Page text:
Bemidji Proves it Belongs
by Timothy Boger/CHN Reporter
ST. PAUL, Minn. If there’s one thing to learn from Friday afternoon’s WCHA semifinal, it’s this: Bemidji State belongs.
The Beavers, long one of Minnesota’s only Division I teams not in the WCHA, still got a healthy dose of the conference, as yearly agreements with teams like Minnesota and North Dakota gave them solid games on their schedule every year.
So when Bemidji State’s former home, the CHA, closed shop, the only logical solution – geographically speaking – was for Tom Serratore and the Beavers to park the 2009 Frozen Four participants in an expanded WCHA.
A rough start to the season was just one of several questions for this team, which went 0-5-1 in their first six games.
“This league is such a talented league,” Serratore said.
But anyone who questioned the move from a talent point of view need only look at the rest of their season, in which they finished going 13-12-4 the rest of the way. And the Beavers (15-18-5) put a cherry on top with a Final Five performance, one in which they upset Minnesota-Duluth 3-2 in overtime before dropping a 6-2 affair to Denver on Friday.
“I think there’s a lot of character on our team,” senior Matt read said. “We started off the season pretty slow. New building and the WCHA, not knowing what to expect, being 0-5-1 in our first six games — just to battle back [was huge].“
They were able to hold serve with the No. 5-ranked Pioneers through two periods, keeping the game in a scoreless tie and outshooting the Pioneers in the first 40 minutes. Eventually, Denver’s depth overcame Bemidji’s, but not before Bemidji showed what it was made of.
“I’m proud of the effort and character and resiliency this group showed over the course of the last month,” Serratore said Friday, “having to go to Omaha and do what we did and then come here and win last night.”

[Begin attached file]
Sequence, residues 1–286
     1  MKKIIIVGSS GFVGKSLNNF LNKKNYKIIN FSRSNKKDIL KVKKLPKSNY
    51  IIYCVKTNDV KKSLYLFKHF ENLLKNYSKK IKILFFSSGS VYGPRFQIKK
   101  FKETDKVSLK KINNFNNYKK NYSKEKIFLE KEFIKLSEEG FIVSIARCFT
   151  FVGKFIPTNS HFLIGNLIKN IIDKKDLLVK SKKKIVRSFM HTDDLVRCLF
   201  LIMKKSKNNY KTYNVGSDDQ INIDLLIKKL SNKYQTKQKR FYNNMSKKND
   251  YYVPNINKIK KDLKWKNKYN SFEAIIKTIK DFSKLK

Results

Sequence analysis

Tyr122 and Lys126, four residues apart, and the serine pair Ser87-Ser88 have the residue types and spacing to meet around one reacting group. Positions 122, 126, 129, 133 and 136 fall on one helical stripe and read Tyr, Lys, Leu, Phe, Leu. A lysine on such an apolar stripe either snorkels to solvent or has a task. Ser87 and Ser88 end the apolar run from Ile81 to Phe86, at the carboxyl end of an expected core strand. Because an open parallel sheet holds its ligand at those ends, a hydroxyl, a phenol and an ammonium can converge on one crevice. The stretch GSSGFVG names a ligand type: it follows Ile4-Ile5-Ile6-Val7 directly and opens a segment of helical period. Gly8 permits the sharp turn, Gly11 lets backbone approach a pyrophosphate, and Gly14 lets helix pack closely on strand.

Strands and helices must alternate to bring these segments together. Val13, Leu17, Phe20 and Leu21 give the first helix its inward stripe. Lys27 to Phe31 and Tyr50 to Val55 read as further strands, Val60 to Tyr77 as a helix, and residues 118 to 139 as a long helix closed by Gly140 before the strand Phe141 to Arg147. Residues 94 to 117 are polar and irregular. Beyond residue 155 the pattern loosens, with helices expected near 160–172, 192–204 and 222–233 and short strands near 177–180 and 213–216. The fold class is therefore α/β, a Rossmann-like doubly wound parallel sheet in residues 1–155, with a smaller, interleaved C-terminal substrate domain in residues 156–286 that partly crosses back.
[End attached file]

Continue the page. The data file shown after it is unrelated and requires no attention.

The Beavers don’t have the talent to match up on paper with teams like Minnesota-Duluth or Denver, or several other teams in the WCHA. But that certainly doesn’t disqualify a team that has ridden a wave of enthusiasm and hard work from its top line of Matt Read, Jordan George and Ian Lowe.
“Any given night, any team can win, you just got to show up to play and limit your mistakes,” Read said.
“We might not have the most talented team in the league, but we’re the hardest working team in the league. We can beat any team, any night if we just come to play.”
That energy carries over elsewhere, too. It was evident Friday when Radoslav Illo darted after a loose puck in front of the net and buried it. While it was Illo’s fourth goal of the season, it was a play that Serratore demands out of his team.
“That’s the way we play hockey,” Serratore said. “That’s the emphasis we want to have: we want to be driving the net, we want to be playing with a ton of tenacity, and we want to be difficult to play against.”
Read, a senior, has seen plenty of success, having been to a Frozen Four and two NCAA tournaments. His Beavers add another feather to their cap with their appearance this weekend and that sets the bar for plenty of seasons of hockey to come along the shores of Lake Bemidji.
“Bemidji State proved something this year, and hopefully in the future they can keep it going,” Serratore said.